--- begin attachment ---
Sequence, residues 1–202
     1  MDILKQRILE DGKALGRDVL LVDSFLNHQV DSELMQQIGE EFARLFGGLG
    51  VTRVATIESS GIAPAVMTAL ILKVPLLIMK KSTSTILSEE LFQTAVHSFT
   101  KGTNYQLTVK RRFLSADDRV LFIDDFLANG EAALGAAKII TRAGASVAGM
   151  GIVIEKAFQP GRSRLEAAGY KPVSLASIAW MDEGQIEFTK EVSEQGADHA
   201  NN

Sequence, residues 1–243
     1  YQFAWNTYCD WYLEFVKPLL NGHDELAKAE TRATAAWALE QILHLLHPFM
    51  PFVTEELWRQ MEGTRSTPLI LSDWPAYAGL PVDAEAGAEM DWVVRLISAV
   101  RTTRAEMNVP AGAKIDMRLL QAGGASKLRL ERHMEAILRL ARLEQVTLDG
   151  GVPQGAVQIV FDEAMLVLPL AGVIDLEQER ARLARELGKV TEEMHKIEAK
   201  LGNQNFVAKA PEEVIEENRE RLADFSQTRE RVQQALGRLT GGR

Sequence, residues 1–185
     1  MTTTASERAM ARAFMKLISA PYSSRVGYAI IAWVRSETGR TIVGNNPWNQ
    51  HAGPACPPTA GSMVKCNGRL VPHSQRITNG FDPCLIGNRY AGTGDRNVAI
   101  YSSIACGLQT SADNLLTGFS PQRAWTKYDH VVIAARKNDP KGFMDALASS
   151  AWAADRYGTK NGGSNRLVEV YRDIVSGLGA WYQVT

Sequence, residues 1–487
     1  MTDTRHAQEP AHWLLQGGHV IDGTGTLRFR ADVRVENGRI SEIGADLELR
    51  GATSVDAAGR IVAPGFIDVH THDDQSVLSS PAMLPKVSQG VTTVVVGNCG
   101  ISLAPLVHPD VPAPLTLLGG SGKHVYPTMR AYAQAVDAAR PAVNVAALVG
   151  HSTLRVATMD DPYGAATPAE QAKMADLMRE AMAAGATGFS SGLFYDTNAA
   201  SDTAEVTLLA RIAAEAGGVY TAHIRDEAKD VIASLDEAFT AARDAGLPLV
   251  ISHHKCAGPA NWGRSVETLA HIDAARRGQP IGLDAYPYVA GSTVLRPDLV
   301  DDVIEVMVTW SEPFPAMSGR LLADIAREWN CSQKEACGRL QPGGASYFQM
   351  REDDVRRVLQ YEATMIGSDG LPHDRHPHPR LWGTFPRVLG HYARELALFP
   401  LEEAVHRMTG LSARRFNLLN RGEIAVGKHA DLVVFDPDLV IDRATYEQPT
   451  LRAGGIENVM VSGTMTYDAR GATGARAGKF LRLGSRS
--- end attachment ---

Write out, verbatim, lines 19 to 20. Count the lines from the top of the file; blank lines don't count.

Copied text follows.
     1  MTDTRHAQEP AHWLLQGGHV IDGTGTLRFR ADVRVENGRI SEIGADLELR
    51  GATSVDAAGR IVAPGFIDVH THDDQSVLSS PAMLPKVSQG VTTVVVGNCG